Joseph Parker still holds the WBO world heavyweight title after a wide points victory over former sparring partner Razvan Cojanu, but may now find Dillian Whyte and Tony Bellew blocking his path to a lucrative clash with Anthony Joshua.
Parker's team will say he was clinical; his detractors will say he was pedestrian. Either way, assessing the New Zealander's maiden defence is a tricky business given how high the excitement bar was set the previous week by Joshua and Wladimir Klitschko.
Being clinical is certainly required at this stage of Parker's career, of course. One false move and he'll find himself belt-less and his aura of danger evaporated. It may not have been the spectacle his fans hoped for, but the job was done.
The bout was originally designed to be a more direct introduction to UK fans, only for unbeaten British heavyweight Hughie Fury to pull out due to a back injury.
Cojanu offered less exposure and provided less competition than Fury would have done -- but the risk remained -- lose the bout and lose the chance of a life-changing clash with Joshua. Parker could hardly have been blamed for being cautious.
There were times in the fight that caution didn't seem to be his problem, though. The champion connected with his man on countless occasions and was caught with several counter right-hands over the top. Is this the fearsome puncher to stand toe-to-toe with Joshua and win a power battle? Probably not. Is it the awkward boxer to outwit Joshua the way many feel Tyson Fury would? Again, probably not.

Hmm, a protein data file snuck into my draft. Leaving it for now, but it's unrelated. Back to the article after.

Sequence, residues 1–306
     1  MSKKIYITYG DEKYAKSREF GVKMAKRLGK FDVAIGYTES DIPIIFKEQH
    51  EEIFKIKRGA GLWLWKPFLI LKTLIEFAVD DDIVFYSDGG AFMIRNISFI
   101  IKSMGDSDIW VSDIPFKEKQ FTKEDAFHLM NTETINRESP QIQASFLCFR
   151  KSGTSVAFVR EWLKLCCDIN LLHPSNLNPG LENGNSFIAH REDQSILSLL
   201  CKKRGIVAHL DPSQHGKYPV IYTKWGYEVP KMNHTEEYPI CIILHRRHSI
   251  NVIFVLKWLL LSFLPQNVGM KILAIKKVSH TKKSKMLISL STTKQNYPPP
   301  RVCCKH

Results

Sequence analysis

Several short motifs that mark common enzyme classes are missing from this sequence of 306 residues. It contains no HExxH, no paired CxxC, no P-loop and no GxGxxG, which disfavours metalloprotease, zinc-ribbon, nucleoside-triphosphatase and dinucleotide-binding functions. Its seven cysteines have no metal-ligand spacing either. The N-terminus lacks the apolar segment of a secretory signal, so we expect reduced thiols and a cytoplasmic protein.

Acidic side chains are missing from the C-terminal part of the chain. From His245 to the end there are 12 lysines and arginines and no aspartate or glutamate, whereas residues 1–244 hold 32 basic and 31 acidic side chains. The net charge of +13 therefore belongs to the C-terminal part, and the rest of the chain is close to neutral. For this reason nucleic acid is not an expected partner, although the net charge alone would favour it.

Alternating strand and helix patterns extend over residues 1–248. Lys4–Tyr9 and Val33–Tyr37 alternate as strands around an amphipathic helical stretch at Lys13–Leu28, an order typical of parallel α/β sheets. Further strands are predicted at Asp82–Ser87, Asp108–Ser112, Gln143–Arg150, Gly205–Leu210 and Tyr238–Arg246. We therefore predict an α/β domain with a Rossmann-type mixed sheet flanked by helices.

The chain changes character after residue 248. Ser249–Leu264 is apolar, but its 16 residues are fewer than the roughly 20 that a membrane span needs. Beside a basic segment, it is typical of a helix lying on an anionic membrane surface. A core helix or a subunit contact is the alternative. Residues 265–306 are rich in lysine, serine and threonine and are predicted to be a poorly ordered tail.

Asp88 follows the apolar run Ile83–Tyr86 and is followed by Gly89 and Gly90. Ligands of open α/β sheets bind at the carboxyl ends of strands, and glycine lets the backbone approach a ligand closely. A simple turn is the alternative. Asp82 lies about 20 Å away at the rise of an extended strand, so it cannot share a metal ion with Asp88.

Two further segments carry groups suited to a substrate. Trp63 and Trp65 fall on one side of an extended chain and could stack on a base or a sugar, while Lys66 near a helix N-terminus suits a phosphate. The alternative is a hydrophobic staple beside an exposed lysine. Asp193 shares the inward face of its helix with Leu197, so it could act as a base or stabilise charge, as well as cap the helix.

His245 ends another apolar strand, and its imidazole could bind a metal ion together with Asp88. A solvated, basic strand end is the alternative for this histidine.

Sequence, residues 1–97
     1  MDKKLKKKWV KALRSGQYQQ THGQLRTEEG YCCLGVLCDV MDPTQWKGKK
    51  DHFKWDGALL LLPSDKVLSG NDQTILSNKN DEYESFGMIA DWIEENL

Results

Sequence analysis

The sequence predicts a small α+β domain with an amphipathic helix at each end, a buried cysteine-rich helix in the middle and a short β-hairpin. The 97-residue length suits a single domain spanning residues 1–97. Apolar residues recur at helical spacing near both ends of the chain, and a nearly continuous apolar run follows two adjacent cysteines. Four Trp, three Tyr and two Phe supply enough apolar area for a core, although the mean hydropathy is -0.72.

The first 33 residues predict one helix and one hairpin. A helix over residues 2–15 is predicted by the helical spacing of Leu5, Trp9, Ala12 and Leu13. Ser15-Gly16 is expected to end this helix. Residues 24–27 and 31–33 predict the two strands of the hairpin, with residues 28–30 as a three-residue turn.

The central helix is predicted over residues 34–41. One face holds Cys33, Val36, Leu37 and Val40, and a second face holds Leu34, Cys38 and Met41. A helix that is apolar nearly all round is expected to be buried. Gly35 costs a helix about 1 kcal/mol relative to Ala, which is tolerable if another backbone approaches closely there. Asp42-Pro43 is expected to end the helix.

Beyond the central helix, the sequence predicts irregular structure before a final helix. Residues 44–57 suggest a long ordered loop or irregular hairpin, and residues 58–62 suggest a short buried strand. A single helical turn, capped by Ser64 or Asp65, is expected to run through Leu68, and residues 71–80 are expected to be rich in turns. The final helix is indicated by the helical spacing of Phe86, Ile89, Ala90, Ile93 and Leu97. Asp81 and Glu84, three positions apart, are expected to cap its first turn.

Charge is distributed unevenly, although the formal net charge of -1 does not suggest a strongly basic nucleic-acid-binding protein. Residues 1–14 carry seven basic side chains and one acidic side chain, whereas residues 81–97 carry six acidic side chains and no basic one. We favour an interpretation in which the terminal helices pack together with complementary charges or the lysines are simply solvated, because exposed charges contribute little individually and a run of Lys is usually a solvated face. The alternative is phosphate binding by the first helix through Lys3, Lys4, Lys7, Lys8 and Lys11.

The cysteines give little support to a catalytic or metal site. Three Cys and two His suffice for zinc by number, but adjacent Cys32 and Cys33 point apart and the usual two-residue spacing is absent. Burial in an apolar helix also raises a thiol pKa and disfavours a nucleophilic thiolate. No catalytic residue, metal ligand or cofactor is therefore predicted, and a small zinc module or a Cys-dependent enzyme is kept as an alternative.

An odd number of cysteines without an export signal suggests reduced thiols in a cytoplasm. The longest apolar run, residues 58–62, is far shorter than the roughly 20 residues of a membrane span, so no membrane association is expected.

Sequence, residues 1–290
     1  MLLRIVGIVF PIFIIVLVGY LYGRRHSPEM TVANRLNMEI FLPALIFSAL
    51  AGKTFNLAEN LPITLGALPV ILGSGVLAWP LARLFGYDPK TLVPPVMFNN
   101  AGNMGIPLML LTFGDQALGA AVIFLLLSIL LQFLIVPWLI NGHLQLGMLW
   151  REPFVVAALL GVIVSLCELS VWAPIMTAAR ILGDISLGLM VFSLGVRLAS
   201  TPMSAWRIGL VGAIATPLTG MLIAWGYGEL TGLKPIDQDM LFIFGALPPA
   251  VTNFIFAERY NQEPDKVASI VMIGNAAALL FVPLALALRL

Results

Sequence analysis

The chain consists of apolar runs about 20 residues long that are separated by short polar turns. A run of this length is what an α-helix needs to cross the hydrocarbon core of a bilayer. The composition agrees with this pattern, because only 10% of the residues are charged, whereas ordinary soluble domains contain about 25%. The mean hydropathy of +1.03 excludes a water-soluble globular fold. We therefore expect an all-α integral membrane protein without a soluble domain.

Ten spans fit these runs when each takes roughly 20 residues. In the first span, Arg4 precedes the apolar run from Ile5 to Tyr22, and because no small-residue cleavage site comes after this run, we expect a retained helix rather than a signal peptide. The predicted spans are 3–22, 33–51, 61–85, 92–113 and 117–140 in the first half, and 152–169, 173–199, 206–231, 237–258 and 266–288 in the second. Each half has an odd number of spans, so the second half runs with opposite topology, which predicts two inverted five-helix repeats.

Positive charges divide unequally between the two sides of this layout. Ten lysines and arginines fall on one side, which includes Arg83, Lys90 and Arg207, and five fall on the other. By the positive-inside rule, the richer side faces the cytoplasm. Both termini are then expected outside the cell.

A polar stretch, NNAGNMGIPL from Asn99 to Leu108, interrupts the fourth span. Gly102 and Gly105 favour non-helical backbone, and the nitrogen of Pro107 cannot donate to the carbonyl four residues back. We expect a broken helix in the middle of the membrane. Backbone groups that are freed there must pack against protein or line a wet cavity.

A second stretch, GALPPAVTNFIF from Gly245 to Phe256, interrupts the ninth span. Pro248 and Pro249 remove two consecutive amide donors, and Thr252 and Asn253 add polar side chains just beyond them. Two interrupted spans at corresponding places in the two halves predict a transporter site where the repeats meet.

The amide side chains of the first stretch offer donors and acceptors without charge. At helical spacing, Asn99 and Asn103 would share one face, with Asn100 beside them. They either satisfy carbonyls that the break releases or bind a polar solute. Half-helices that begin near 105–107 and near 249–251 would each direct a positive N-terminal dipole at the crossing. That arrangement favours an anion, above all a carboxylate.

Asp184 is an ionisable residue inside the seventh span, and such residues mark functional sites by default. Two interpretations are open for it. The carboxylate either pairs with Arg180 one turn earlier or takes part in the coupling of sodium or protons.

Former British champion Whyte wasted no time in demanding a shot at Parker. "I would knock him out," was the Londoner's blunt assertion from his seat in the Sky Sports studios. Any likelihood of Whyte's wish being granted will be gone if he fails to navigate a way past Mariusz Wach on June 3.
Whyte won't be the only one chasing a date with Parker, either. 'The Bodysnatcher' knows it too. He added: "Send Tony Bellew to the back of the queue. Me against Parker is the only fight out there the fans want to see."
Finding himself on the same commentary team as WBC champion Deontay Wilder for the Joshua vs. Klitschko fight, Bellew began a campaign to become the American's first UK opponent. His unexpected win over David Haye has inspired the Liverpudlian to bill himself as a heavyweight in pursuit of another sizable pay-day.
Conceivably, then, it's not out of the question that Whyte and Bellew will put Joshua's rival champions through final auditions. That also throws up the possibility of all four world heavyweight titles being held by Britons before the year is out.
For his part, Parker would ideally head straight for Joshua rather than risk his crown against Whyte or Bellew. Whether his victory over Cojanu made enough 'noise' to successfully make that demand is uncertain. His primary selling point may lie in his fanbase; he is a pay-per-view fighter in his native country, which represents the kind of 'untapped' market Joshua and his team plan to explore.
Needless to say, we are dealing in conjecture. The knock-on effects of Klitschko's impending decision to either fight again or retire will dictate a great deal. What can all but be confirmed is that Parker will face a British fighter very soon and his victory over Cojanu did little to increase the chances of it being Joshua.